An aide convinced him to pick up his credentials at the convention, possibly saving his career by preserving his chance to punch his ticket into the administration. And less than a year later, the former state attorney general was doing something somewhat counter to his tough-on-crime, no-nonsense law-and-order reputation. Cuccinelli was helping to lead the charge for criminal justice reform, working with the White House and lobbying conservatives on Capitol Hill to come around on the war on crime.
A paradox from the national perspective, those who know him say it was more of the same for Cuccinelli. “People perceive Cuccinelli as a hard-right figure on a number of issues,” Mark Rozell, a George Mason University political scientist, told the Washington Post. “They don’t tend to see him as having a soft side.”
It was 2011, and the occasion for that quote was the successful exoneration of a man named Thomas Haynesworth. He had been wrongfully convicted of rape and spent 27 years locked away in prison. As Virginia attorney general, Cuccinelli personally argued his case in court. He cleared Haynesworth’s name. Then, he hired him as a law clerk.
‘Privileges, Not Rights’
This experience, coupled with a desire “to hold government accountable for its actions and spending,” made Cuccinelli an ideal, if a bit unusual, advocate for sentencing reform. It also brought him into direct contact with a senior White House adviser, specifically Trump’s son-in-law.
An administration official confirmed that through his work on the justice reform issue Cuccinelli became a favorite of Jared Kushner. He also became a favorite of another senior policy adviser, Stephen Miller. All was forgiven -- or at least the RNC episode was forgotten -- and Cuccinelli the anti-establishment insurgent made his way into the administration.
And in many ways, he is a perfect fit. There is little ideological daylight between him and the president. The new acting director of USCIS, the agency that administers all naturalization and lawful immigration, has adopted an unmistakably America First approach.
“The entire immigration system exists for the benefit of Americans,” Cuccinelli says, offering a 30,000-foot overview of his guiding philosophy. It isn’t the other way around, he insists. It isn’t immigration services for the altruistic benefit of immigrants.
“We are a 96-plus percent fee-funded agency. That means that the immigrant community we serve, they fund the work we do. Congress decided that. They decided that the American people should not fund the privileges they offer.”
On that last point, Cuccinelli is particularly passionate. The same day that the administration issued new rules, denying all asylum applications from immigrants who failed to apply for protection in at least one of the countries they passed through on their way to the southern border, drawing an immediate legal challenge from the ACLU, he reiterates that his agency offers “privileges, not rights.”
Barely a month on the job, Cuccinelli tries emphasizing to his employees, and the lawmakers offering oversight, that USCIS is “a vetting agency, not a benefits agency.”
His boss likes to say that if Democrats would come to the table in good faith, the whole crisis at the border could be wrapped up in about 15 minutes, an hour tops. There are a couple of loopholes in the law, Trump recently told ABC’s George Stephanopoulos, and if “you solve those loopholes, you no longer have a problem at the border. They should want to do it.”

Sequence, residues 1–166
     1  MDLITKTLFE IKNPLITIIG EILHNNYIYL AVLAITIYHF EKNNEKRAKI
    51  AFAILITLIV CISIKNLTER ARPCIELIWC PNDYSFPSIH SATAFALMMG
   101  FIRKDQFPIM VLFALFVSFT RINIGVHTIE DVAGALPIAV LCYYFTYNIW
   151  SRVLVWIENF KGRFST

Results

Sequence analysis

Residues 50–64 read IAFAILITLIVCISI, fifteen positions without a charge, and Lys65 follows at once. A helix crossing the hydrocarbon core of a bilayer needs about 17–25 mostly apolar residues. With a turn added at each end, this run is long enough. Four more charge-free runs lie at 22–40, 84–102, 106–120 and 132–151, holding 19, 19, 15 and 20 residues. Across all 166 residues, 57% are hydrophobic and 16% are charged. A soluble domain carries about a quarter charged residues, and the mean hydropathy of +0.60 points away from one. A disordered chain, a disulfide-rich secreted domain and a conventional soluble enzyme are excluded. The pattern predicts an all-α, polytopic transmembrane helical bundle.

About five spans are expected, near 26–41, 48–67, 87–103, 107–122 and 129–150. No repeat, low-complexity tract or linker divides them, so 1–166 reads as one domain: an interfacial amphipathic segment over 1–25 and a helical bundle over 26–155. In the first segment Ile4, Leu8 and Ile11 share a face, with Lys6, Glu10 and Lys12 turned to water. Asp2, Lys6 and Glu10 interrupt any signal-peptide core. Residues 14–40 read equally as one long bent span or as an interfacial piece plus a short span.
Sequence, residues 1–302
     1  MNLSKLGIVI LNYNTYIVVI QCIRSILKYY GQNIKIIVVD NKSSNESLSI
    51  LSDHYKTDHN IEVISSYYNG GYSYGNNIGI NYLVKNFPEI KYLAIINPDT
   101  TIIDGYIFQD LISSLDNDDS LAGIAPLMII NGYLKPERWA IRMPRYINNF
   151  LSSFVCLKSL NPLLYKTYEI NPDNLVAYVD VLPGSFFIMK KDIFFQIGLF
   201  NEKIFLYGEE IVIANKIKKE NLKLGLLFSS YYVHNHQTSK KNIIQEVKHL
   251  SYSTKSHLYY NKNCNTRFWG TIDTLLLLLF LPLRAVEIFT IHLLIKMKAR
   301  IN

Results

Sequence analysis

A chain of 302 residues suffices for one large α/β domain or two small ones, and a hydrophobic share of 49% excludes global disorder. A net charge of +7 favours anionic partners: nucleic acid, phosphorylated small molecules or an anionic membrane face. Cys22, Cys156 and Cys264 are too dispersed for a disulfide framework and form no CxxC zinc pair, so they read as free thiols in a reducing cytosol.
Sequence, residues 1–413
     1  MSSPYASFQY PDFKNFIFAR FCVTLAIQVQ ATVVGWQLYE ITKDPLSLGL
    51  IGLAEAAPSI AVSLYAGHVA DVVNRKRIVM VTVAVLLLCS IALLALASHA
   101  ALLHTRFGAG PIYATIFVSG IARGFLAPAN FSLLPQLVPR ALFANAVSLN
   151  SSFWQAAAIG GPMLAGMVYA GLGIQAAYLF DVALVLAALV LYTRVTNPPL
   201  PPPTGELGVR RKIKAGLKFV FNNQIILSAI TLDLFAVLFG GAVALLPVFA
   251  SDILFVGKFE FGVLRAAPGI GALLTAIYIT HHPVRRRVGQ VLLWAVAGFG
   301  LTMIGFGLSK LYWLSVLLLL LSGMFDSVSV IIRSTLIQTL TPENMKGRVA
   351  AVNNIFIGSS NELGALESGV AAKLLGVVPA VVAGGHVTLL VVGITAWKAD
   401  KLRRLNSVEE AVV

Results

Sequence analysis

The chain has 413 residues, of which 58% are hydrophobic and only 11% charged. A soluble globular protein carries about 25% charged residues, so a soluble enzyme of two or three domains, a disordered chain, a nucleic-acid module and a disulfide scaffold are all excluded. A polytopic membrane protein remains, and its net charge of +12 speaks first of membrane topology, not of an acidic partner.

The U.S. Border Patrol apprehended 132,887 people trying to cross illegally in May, and another 95,500 in June. Cuccinelli is of the opinion that those numbers would plummet if Congress would just do its job. Motioning toward Capitol Hill, he says the requisite legislation would “fit on one piece of paper.”
If he were writing the bill, Cuccinelli would close the so-called Flores loophole, which makes it impossible to detain family units, forcing the government to either separate children from their parents in detention facilities or let them go all together. He says it “turns children into tickets.”
After that one, Cuccinelli would get to work mending what he calls “the human trafficking loophole,” which doesn’t allow unaccompanied minors from non-contiguous countries to be returned home immediately.
On these points, he doesn’t understand the hold-up. “I mean, those aren't even just coming from President Trump. He's carrying forward the same positions that President Obama had in these two areas.”
A third is more controversial: Cuccinelli wants to make it harder for an immigrant to claim asylum under the “credible fear” standard. Too many immigrants cross the border, lie about fleeing violence, and go free. According to USCIS numbers, 77% of applicants meet the standard during an initial interview but only 15% of those are granted asylum by an immigration judge in the end.
When Cuccinelli first started his job, he sent an email to asylum officers urging them to root out border-crossers making “fraudulent” claims and taking advantage of international benevolence for economic opportunity.
The email sparked outrage among career USCIS officials, but Cuccinelli insists that he wasn’t impugning the motives of his employees. They aren't misapplying the law. Instead, the real culprit, he says again, is Congress, and the real problem is lawmakers’ continued failure to act.
“People think they can get into our country illegally, and there are simple fixes for some of these problems, and Congress refuses to even adopt the simple ones,” Cuccinelli says. “Maybe we have a longer debate about the more complicated ones, what you called comprehensive immigration reform. Okay, but let's at least to do the simple ones together, quickly.”
Listening in on the rhetoric from the House of Representatives, Cuccinelli admits that the “vitriolic opposition” has gotten worse. Think, for instance, Rep. Alexandria Ocasio-Cortez calling detention centers “concentration camps.” All the same, Cuccinelli is not a fatalist when it comes to Congress. He points to the $4.6 billion emergency aid bill that passed in June.